Grunin Prize Winner Helped Argentinian Network Of Municipalities Step Up Sustainable Purchasing

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Back in 2018, a network of Argentinian municipalities aiming to fight climate change were looking for help—specifically, they needed a method through which they could make significant environmentally-oriented purchases that were also cost-effective and high-quality. They ended up choosing Beccar Varela, a Buenos Aires-based law firm, to develop, structure and implement the arrangement.

It took two years, but the legal team ended up devised a legal structure that would let the municipalities share funding and accomplish their goal. Last year, they did their first project—an initiative to install LED street lighting—and there are six more in the works.

The team also recently won the annual Grunin Prize for Law and Social Entrepreneurship, an award from NYU School of Law’s Grunin Center for Law and Social Entrepreneurship that recognizes lawyers who have developed innovative structures to help advance social entrepreneurship and impact investing. That also underscores an issue that often flies under the radar: the importance of creative work by lawyers to make impact happen.   

Brainstorming a Trust

It all started when a 10-year-old network of 224 Argentinian municipalities in 18 provinces needed a legal structure with which they could finance environmental projects. (There are approximately 2,000 municipalities in the country). To that end, a legal team of eight at Beccar Varela brainstormed a variety of solutions.

Ultimately, they came up with a trust to be controlled by an independent bank through which municipalities could propose projects and arrange for financing, called Trust of the Argentine Network of Municipalities against Climate Change (RAMCC Trust, for its acronym in Spanish “Red Argentina de Municipios frente al Cambio Climatico”). Each municipality would contribute money to the trust for maintenance, providing extra funding only for specific projects of interest. The amount of contributions would depend on the size, population and financial capacity of each entity. The structure also would potentially allow for financing from other sources, like donations or endowments.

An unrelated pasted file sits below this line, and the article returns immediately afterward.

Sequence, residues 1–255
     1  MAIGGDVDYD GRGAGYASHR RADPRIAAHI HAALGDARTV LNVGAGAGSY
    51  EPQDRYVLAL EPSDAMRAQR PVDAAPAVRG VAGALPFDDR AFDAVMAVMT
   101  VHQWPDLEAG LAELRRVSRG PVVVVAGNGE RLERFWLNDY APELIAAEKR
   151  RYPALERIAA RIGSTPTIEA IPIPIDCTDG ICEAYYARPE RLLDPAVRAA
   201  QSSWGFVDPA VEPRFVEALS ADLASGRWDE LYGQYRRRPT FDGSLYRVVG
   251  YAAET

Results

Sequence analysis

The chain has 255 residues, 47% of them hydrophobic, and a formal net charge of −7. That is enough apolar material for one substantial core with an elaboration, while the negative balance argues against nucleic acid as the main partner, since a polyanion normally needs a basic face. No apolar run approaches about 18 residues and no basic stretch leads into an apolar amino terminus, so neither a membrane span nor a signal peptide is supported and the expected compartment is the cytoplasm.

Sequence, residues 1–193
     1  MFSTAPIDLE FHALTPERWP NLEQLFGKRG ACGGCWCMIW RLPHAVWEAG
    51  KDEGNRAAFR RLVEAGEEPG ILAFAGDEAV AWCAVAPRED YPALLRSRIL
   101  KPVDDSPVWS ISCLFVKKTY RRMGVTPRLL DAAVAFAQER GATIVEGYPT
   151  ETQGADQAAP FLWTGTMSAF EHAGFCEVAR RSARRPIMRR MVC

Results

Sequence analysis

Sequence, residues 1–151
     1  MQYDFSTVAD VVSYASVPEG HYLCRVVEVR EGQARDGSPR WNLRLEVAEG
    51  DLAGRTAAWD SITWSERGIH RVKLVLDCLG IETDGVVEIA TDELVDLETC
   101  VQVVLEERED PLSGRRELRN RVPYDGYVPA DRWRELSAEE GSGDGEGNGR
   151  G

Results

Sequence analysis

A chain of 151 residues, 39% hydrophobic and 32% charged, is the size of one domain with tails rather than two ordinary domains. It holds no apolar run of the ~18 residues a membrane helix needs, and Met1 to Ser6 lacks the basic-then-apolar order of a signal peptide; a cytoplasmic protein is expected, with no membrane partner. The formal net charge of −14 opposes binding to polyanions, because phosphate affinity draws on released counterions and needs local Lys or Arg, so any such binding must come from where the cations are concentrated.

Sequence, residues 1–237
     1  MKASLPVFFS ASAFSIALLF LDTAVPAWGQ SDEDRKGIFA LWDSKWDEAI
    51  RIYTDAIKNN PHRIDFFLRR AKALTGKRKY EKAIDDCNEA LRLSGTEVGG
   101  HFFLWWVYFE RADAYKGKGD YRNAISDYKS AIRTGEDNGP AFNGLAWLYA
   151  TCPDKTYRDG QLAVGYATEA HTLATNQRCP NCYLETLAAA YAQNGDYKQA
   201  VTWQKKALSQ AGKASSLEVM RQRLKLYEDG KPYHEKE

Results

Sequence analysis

They also created a governance structure to guide participation, with three layers. Once a year, all municipalities meet to decide on critical financial issues. Also, a board of eight mayors approves projects. Finally, there’s an executive committee of technical officers from the network that’s in charge of daily management.

The goal: By banding together, the municipalities would get a better price and higher quality. Plus, it would allow far-flung municipalities that would otherwise have had difficulty purchasing a way to do so. What’s more, under normal circumstances, legal restrictions on funding for such projects require the authorization of the province or federal government. But with the trust, the trustee gets the financing and makes the purchases. As a result, the municipalities can sidestep those restrictions, since they receive the product as beneficiaries of the trust, without assuming any liability with suppliers or creditors. “Some municipalities don’t have the know how for these projects on their own, “ says Carolina Serra, a partner at the firm.

766 LED Lights

Last year, in the middle of the pandemic, the municipalities launched their first project—replacing existing street lighting in nine municipalities with 766 LED lights. Through the trust, they sought bids from potential providers for the project, which ended up costing about AR$12,000,000, or around $200,000 in US dollars at the time of the project’s date. An EU agency also funded technical advisors. In addition, the law firm helped prepare a manual with guidelines for sustainable procurement.

 The legal team estimates that the communities saved 45% in energy consumption, translating to a reduction of 239 MWh/year and 110tCO2e less per year. Plus, the cost for the municipalities was about 40% less than it would have been otherwise.

This year, the trust is working on six more projects that range from LED street lighting to solar water heaters and remote-control micro-water meters. Total cost: about $1.5 million. The goal is for the trust to have around $20 million by 2030, the date when the municipalities committed to reduce their greenhouse gas emissions by 45%. Currently, 24 municipalities have joined the trust.

For the legal team, the work provided a different experience from their usual focus. For example, they did much more than create the structure and manual. They also worked closely with local officials to help them understand the complexities of the structure. “We traveled across the country sharing ideas with them,” says Daniel Levi, a partner at the firm. “It was very challenging, but we learned a lot, too.”

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